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Police Services Board returning to in-person meetings starting Monday


Among the items under consideration will be spending nearly $100,000 to hire an outside firm to aid in the search for a new Chief of Police, recommended to begin following evaluations of the police response to the three-week “Freedom Convoy” protest.

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The Ottawa Police Services Board is holding its first in-person meeting in more than two years on Monday, after cancelling last month’s regular virtual session amid upheaval on the board.

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Among the items under consideration will be spending nearly $100,000 to hire an outside firm to aid in the search for a new Chief of Police.

Meetings moved to Zoom in April 2020 during the early weeks of the COVID-19 pandemic.

The public viewing gallery won’t be open, but meetings will continue to be streamed live on city council’s YouTube channel.

Only board members and staff, “select” Ottawa Police Service members, registered media, public delegations and support staff can attend in person.

Public delegations who don’t want to appear in person can submit comments in writing to be distributed to board members.

The board’s move to cancel its regular monthly meeting in February angered community members who expected to talk about their experiences during the “Freedom Convoy” protests that snarled downtown Ottawa for weeks.

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Ottawa’s police chief, Peter Sloly, resigned in mid-February amid criticism that the service was failing to act against the unlawful protest in the downtown core. Deputy Chief Steve Bell is currently serving as interim chief.

Deputy Chief Uday Jaswal also resigned from the police executive last month, two years after he was charged with discreditable conduct under the Police Services Act.

According to an executive report set to be tabled at the board meeting, staff recommend hiring the Odgers Berndtson firm to support the search for a chief and a new deputy chief.

The executive search firm would come with a price tag of approximately $95,800 plus HST, according to the report.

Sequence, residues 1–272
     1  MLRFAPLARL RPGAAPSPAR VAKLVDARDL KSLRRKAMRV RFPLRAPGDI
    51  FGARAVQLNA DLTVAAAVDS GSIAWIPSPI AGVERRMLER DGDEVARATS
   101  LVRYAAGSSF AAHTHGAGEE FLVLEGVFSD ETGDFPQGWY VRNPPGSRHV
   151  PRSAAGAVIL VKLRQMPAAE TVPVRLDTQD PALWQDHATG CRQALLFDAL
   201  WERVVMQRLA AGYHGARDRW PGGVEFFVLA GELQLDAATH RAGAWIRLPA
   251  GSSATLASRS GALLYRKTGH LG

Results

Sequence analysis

The staff report also recommends cancelling the search for a third deputy chief, which is currently “on hold,” the report states.

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The recruitment process for both executive positions should instead commence at the completion of several inquiries, independent reviews and evaluations of the three-week convoy protest, the report states.

The report does recommend continuing all community-based “consultation activities” to solicit input from community members on the search for the next chief.

That strategy, according to the report, would “(maximize) the board’s use of its time prior to the municipal election in the fall (on Oct. 24).”

Following the election, the report states, “it is anticipated that there will be further changes to the board’s membership…”

One day after Sloly resigned, city council removed Diane Deans from her position as chair of the police services board. Three other members of the board resigned: councillors Carol Anne Meehan and Rawlson King and council-appointed member Sandy Smallwood.

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City council appointed councillors El-Chantiry and Jeff Leiper to the board and chose Suzanne Valiquet as the citizen appointee. El-Chantiry became the chair of the board, regaining a position he had formerly held for 12 years.

In the statement Wednesday, El-Chantiry promised to listen to the community and to work with fellow board members and local partners to deliver the policing Ottawa wants and needs. He thanked previous board members for their service during “one of the most difficult times in policing history in Ottawa.”

El-Chantiry cited priorities including reaching out to Indigenous, racialized and marginalized communities, rebuilding morale on the force and promoting equity, diversity and inclusion, and ensuring strong fiscal oversight and new services to respond to mental health crises.

-With files from Aedan Helmer and Matthew Lapierre

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